Shares of luxury jeweler Tiffany & Co. (NYSE: TIF) have jumped today, up 6.7% as of 3:30 p.m. EDT, after luxury conglomerate LVMH Moet Hennessy (OTC: LVMHF) backed off its threat to renegotiate the terms of its deal to acquire Tiffany. Last year, LVMH agreed to purchase Tiffany for $16.2 billion, or $135 per share, in a deal that was -- at the time -- expected to close this month.
In this episode of Market Foolery, Chris Hill chats with Motley Fool analyst Bill Barker about some of the latest earnings reports and other news from the markets. Analysts and investors cheer Zoom's revenue guidance.
Following news that multinational luxury and fashion goods titan LVMH Moet Hennessy (OTC: LVMHF) wanted to lower the price on its acquisition of Tiffany & Co. (NYSE: TIF), sources say that the jewelry company threatened to launch a lawsuit in response. Today, LVMH says it won't try to renegotiate its deal with Tiffany, prompting a more than 7% rise in Tiffany's share value as investors bid the stock up on the favorable news. Last year, LVMH agreed to purchase Tiffany for $16.2 billion, or $135 per share, with a closing date originally set for June 2020, but postponed until October due to regulatory hurdles.
French luxury goods giant is not asking to renegotiate its $16.2-billion acquisition of U.S. jewelry chain Tiffany & Co after deliberating whether to do so, people familiar with the matter said on Friday. LVMH CEO Bernard Arnault has been in talks with his advisers this week to identify ways to pressure Tiffany to lower the agreed price of $135 per share in cash, Reuters reported on Wednesday. LVMH also said on Thursday that its board had discussed the impact of the COVID-19 pandemic on its deal with Tiffany.
French luxury goods giant <LVMH.PA> is not seeking to renegotiate its $16.2 billion (£12.83 billion) acquisition of U.S. jewelry chain Tiffany & Co <TIF.N> after deliberating whether to do so, people familiar with the matter said on Friday. LVMH CEO Bernard Arnault had been in talks with his advisers this week to identify ways to pressure Tiffany to lower the agreed price of $135 per share in cash, Reuters reported on Wednesday. LVMH has decided it will not raise the issue of repricing the deal with Tiffany for now, after it considered the legal hurdles involved, the sources said.
Maybe LVMH Moet Hennessy Louis Vuitton (OTC: LVMUY) is trying to get a better price for Tiffany (NYSE: TIF) after all. It maintained, "LVMH is currently committed not to buy Tiffany shares." Acquiring the stock that way would have significantly lowered the cost of the deal as Tiffany's stock plunged about 20% or so to around $105 a share when the COVID-19 outbreak was declared a pandemic.
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LVMH <LVMH.PA>'s board met this week to discuss the fallout from the coronavirus crisis on its $16.2 billion purchase of U.S. jeweller Tiffany <TIF.N>, the luxury goods group said on Thursday, opening the door to a possible attempt to review the deal terms. LVMH, run by France's richest man, Bernard Arnault, agreed to buy Tiffany in November, before the retail business was hammered by the pandemic. Arnault is now exploring ways to reopen negotiations and potentially pressure Tiffany to lower the agreed deal price of $135 per share, people familiar with the matter told Reuters, including by examining its compliance with financial covenants.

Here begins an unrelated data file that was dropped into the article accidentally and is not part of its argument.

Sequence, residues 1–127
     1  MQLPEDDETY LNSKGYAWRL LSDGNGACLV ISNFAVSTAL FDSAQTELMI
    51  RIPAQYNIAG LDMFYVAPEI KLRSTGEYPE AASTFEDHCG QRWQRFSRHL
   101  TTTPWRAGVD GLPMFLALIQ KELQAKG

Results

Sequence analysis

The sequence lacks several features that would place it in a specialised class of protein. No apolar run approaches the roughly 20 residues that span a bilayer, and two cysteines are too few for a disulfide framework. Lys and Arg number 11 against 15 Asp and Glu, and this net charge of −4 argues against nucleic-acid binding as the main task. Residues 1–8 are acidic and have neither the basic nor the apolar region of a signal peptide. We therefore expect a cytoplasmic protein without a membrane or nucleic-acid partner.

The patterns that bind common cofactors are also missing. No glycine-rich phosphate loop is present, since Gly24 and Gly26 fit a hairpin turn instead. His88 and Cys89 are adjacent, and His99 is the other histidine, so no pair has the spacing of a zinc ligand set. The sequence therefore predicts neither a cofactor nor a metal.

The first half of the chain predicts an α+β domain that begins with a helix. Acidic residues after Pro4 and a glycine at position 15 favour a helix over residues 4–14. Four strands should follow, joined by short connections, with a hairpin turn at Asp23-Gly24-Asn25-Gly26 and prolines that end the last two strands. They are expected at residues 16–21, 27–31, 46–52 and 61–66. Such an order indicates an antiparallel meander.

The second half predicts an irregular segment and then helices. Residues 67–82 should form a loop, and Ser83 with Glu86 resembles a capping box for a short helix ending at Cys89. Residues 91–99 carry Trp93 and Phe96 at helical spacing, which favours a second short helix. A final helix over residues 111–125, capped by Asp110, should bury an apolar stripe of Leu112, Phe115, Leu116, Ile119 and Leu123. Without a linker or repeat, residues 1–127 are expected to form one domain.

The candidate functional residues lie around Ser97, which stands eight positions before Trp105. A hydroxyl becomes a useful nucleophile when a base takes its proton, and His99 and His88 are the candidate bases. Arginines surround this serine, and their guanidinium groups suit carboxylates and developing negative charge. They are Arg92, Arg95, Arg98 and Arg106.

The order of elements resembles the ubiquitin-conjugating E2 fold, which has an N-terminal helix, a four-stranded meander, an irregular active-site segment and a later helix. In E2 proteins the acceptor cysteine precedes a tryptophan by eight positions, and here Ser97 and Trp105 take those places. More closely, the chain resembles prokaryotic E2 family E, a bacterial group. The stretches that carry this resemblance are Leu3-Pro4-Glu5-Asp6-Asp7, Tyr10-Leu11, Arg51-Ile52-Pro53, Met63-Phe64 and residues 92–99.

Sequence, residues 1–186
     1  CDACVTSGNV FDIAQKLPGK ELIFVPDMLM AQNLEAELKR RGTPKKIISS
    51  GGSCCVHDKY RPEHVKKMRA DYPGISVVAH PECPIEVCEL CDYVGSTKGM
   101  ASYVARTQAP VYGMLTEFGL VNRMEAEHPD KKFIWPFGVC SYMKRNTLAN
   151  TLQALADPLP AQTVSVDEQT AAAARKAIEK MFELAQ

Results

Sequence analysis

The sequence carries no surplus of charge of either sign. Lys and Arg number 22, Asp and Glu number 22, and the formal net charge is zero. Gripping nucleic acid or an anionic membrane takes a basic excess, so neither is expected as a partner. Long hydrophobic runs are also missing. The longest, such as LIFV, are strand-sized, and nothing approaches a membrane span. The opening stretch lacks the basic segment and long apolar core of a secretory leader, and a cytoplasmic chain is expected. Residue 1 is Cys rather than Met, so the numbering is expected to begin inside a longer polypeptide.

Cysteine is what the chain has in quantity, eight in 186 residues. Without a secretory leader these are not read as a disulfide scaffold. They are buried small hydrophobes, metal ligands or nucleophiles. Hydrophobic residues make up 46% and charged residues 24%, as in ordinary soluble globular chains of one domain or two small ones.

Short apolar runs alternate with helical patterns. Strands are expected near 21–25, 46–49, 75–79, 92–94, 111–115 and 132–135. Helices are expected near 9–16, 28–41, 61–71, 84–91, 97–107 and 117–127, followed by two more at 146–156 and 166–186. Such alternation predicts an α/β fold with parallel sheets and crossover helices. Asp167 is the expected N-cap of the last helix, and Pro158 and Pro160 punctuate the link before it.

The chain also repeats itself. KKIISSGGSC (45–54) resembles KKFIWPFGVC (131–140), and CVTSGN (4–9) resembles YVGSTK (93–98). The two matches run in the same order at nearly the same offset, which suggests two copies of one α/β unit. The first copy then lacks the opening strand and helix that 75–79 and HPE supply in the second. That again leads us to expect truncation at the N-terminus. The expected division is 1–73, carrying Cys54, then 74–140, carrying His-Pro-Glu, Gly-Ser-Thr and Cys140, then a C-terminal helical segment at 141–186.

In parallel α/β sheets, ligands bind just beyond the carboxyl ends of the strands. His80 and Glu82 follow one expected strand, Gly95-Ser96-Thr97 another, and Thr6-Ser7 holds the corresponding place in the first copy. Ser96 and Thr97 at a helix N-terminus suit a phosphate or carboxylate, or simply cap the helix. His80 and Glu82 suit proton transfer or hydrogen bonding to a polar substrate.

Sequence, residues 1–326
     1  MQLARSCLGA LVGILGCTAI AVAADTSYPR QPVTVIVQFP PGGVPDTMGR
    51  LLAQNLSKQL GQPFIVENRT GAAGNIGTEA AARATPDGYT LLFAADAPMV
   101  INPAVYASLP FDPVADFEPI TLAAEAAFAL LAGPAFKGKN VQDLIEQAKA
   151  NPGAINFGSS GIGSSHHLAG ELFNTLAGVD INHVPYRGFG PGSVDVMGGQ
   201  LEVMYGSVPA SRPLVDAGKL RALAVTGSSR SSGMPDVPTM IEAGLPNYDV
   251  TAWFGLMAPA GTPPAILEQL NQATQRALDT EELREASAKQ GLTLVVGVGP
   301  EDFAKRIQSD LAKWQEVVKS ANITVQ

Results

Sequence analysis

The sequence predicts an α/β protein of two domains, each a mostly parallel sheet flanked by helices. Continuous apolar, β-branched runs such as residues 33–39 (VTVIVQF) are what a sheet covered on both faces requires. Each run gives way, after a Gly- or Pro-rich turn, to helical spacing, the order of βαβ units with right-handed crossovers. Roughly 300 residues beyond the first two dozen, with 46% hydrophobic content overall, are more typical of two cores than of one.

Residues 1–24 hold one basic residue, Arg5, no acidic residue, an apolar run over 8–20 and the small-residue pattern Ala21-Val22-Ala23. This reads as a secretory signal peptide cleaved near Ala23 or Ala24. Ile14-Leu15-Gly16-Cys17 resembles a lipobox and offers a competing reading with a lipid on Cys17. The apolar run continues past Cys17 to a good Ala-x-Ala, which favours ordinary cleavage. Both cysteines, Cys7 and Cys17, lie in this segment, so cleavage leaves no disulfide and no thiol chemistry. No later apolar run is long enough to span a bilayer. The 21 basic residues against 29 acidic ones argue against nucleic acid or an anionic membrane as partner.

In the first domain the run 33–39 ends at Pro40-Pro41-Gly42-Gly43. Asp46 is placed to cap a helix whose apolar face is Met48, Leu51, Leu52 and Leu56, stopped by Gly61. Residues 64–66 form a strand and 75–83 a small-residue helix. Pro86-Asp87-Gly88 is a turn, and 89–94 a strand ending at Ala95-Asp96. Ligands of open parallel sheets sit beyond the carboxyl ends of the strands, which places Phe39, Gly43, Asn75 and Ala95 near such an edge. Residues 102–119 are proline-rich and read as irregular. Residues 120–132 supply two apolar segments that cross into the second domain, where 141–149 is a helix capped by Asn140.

LVMH agreed to acquire Tiffany in November, but the deal has yet to close, pending regulatory approvals. Arnault said at the time Tiffany would "thrive for centuries to come" under LVMH. Arnault has been in talks with his advisers this week to identify ways to pressure Tiffany to lower the agreed price of $135 per share in cash, the sources said.
Tiffany (TIF) stock loses 9% on reports stating that the LVMH deal could fall through on U.S. economic fallout from COVID-19 and the ongoing social unrest.
(Bloomberg Opinion) -- Even the most upmarket buyers like to get their money’s worth. No wonder LVMH Moet Hennessy Louis Vuitton SE is having second thoughts about its $16 billion takeover of Tiffany & Co., according to Women’s Wear Daily.Walking away from the deal, which is due to close shortly, wouldn’t be ideal after all the fanfare made about the merits of buying the iconic U.S. jewelry brand. But it would be remiss of LVMH Chairman Bernard Arnault not to try to get better terms — particularly since he has the advantage.The world has changed since the takeover was agreed in November. The Covid-19 pandemic has dented luxury goods demand with shops shuttered and sweatpants-wearing consumers locked down with nowhere to go. Industrywide sales could fall as much as 35% this year, according to Bain & Co. The civil unrest in the U.S. is another risk, particularly for an American brand.So, depending on the fine print in the purchase agreement, Arnault could try to wriggle out altogether. There are doubts that it will go ahead as planned. Tiffany shares closed at $117 on Tuesday, significantly lower than LVMH’s $135 offer price. But dropping the deal now, particularly if it led to a lengthy legal battle, could risk some reputational damage. It could also signal that LVMH, the world’s dominant luxury conglomerate, built on a history of strategic, successful acquisitions, isn’t so resilient after all. True, even after the pandemic, LVMH’s market capitalization is close to 200 billion euros ($224 billion). So Tiffany is a relatively modest transaction. But the French fashion giant won’t have escaped the maelstrom, not only in luxury goods, but in cosmetics, with its Sephora chain, and in duty-free travel retail, with DFS.Tiffany is still a prized asset, with huge potential if it can be elevated from simply affordable luxury to mega-bling. So Arnault is most likely to try to burnish his standing as a dealmaker by extracting better terms for his shareholders. Especially since Tiffany already needed some polish to achieve its potential, and the task will be even more difficult now. It will require significant investment both in the company’s product range and marketing.Against this backdrop, trying to save on the purchase price looks sensible. A precedent has already been set by Sycamore Partners, which tried to extract itself from its $525 million deal to buy lingerie brand Victoria’s Secret. In the end, L Brands Inc. ended up terminating the agreement. But it’s hard to see Tiffany doing this — it’s unlikely to want to pursue its turnaround plan in a such a difficult environment without a muscular parent. Given the luxury slump, it’s not obvious that Richemont or Gucci-owner Kering SA would step in.Of course, Arnault could take his chances, withdrawing now — if he can — with the aim of trying to buy Tiffany again later at a lower price. But that’s a risky strategy. Another friendly deal wouldn’t likely be forthcoming, and often once a trophy asset is lost, it doesn’t become available again.Arnault would be better off holding onto this bauble, and, like many luxury shoppers right now, trying to negotiate a hefty discount.This column does not necessarily reflect the opinion of the editorial board or Bloomberg LP and its owners.Andrea Felsted is a Bloomberg Opinion columnist covering the consumer and retail industries. She previously worked at the Financial Times.For more articles like this, please visit us at bloomberg.com/opinionSubscribe now to stay ahead with the most trusted business news source.©2020 Bloomberg L.P.